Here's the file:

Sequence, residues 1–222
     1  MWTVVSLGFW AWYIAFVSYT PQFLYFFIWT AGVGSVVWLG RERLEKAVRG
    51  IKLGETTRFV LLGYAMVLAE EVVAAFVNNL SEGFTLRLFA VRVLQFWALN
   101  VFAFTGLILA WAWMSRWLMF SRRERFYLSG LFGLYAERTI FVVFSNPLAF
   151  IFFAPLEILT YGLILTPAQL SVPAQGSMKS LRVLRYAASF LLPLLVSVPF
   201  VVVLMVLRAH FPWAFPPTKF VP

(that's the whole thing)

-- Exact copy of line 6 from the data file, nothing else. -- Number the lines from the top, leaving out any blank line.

   201  VVVLMVLRAH FPWAFPPTKF VP